Tragic Medicine prof trampled to death by cows ‘going mad’
Mike Porter was attacked by a herd of 30 cows while out with his dogs
Popular Medicine lecturer Mike Porter was trampled to death when out walking his dogs, an inquest has heard.
The 66-year-old was going for a walk with his brother when he was attacked in Wiltshire.
The two brothers desperately tried to disperse the cows by waving their hands and running at them but they were knocked to the ground and stamped on, the hearing heard.
The inquest was told how the “highly excited, jostling” herd climbed onto their hind legs and trampled over the two men with their front legs.
Prof Mike, who had just retired from his post at Edinburgh, managed to escape the field but collapsed and died at the scene. Doctors later found a hoof mark on his chest.
The pair had climbed over a gate before walking on a public footpath running through the field, Salisbury Coroner’s Court heard.
Mike’s brother John told the inquest how the cows “deliberately trampled” them.
He said: “We must have been halfway across when I must have done my normal way of getting them out the way, waving my hands and running at them.
“They were taking an interest in the dogs and rather than run off they milled around us and I became concerned, obviously.
“The bull was no problem –– it was the cows. We were both knocked over and we both recognised each of us were on the ground.
“I cannot say which cows or what cow was attacking us but they seemed to deliberately trample on you. It was extraordinary.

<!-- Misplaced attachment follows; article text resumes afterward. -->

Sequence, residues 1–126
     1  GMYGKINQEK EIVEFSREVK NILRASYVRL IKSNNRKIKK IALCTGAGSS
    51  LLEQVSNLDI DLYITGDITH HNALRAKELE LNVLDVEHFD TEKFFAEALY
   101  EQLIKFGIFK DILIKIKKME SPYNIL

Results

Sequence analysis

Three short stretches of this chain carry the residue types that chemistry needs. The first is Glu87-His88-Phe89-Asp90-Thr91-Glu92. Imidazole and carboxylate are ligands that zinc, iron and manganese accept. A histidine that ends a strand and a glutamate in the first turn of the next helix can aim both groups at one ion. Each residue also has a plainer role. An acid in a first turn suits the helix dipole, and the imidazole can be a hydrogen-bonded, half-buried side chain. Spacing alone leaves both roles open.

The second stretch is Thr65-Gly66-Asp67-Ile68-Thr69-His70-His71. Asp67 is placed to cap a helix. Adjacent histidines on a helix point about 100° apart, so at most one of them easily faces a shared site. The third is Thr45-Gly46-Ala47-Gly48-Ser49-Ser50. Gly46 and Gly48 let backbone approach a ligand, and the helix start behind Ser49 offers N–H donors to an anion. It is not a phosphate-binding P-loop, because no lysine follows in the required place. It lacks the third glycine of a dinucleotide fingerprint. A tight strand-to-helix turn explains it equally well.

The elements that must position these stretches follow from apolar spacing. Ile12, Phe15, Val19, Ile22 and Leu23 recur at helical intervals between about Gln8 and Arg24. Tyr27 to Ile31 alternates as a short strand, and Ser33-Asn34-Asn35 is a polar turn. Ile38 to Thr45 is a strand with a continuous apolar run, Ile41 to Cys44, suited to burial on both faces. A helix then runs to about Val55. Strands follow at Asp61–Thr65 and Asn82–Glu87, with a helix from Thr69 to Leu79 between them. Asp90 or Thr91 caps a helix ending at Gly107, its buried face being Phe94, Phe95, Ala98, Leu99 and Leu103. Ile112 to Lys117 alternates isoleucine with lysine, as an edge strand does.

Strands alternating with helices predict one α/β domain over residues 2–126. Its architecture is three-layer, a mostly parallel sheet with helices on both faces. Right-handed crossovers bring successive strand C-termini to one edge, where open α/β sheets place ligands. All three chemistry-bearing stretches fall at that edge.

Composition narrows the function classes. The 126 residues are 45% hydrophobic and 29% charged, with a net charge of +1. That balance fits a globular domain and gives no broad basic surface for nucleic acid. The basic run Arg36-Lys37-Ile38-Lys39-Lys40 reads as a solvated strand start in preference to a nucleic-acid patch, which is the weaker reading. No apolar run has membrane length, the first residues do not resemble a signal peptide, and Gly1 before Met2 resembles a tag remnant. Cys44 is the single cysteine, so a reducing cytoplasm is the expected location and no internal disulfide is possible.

“It seemed to be something they really wanted to do.
“All of a sudden they dispersed and we picked ourselves up and walked out of the field, thinking we are battered and bruised but we are OK. We just wanted to get out.”
Mike managed to reach a passing car but his condition soon deteriorated and he lost consciousness and went into cardiac arrest. He died at the scene.
Tributes continue to pour in for the much-loved prof.
Former colleague Prof David Weller, head of the general practice department of the University said at the time: “Those of us who worked with Mike are devastated to hear of his tragic and untimely death.
“In a career spanning more than four decades, Mike taught Edinburgh medical students important principles of care and compassion, encouraging them to see their patients in the context of their family and society.
“He also conducted research in many aspects of general practice, including stress amongst GPs. He was a wonderful colleague and was devoted to his family.”